The conversation developed slowly, leading to an exchange of names with Thomas being empathetic to Kevin’s circumstances. After all he said London was a big place compared to Belfast and it took time to make new friends and settle in. It was well into the conversation when Thomas asked what he did for a living and Kevin, without a second thought, began explaining in detail his boring routine at the Ministry of Defence, being very open about his surprise at the ease countries were able to obtain arms. Thomas listened carefully, nodding from time to time, encouraging Kevin to keep talking. They had a second pint before parting company, expressing hopes that they would meet again. Thomas mentioned in passing that he popped in most Saturdays, just for the craic.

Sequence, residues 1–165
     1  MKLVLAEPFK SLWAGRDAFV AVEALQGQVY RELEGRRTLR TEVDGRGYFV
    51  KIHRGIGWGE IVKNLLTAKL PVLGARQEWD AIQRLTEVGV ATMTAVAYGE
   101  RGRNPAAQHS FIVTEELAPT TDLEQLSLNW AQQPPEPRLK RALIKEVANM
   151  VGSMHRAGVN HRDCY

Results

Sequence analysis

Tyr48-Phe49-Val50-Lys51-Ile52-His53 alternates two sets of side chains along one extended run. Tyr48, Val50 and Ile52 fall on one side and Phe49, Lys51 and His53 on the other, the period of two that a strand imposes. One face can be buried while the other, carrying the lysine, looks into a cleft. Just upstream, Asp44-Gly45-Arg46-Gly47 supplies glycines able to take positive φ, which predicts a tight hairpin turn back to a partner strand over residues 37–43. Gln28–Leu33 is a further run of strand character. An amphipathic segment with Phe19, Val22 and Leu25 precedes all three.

A month later Kevin again pushed open the doors of Mooney’s. Nothing had changed in his life, the job was still boringly routine, he was demotivated and lonely with little money and no-one he could call a real friend. At work he was Mr Murray whilst back in the hostel he was still Paddy, Pat or Irish. Thomas saw him coming and beckoned him to join the group he was with, sliding over a dark inviting pint. As before Kevin relaxed in the atmosphere and easily entered into the conversation with those around him, one of whom was unmistakably from his neck of the woods.
Another round of drinks appeared as the talk turned to more of a political nature. Kevin listened, rather than contributed, to the discussion and only became part of it when Thomas mentioned to the others where he was employed and the nature of his work. There was no break in the conversation as the man with the Belfast accent stated that Kevin would be able to get them some guns then. He said it with a smile on his face, and the others were laughing, although Kevin noticed an intensity in his eyes.
Later that night Kevin phoned home and as his mother accepted the reversed charged call he had a long chat with both parents. They felt relieved he sounded more content although his mother as usual ended the conversation by telling him to keep out of trouble and that he was better off where he was.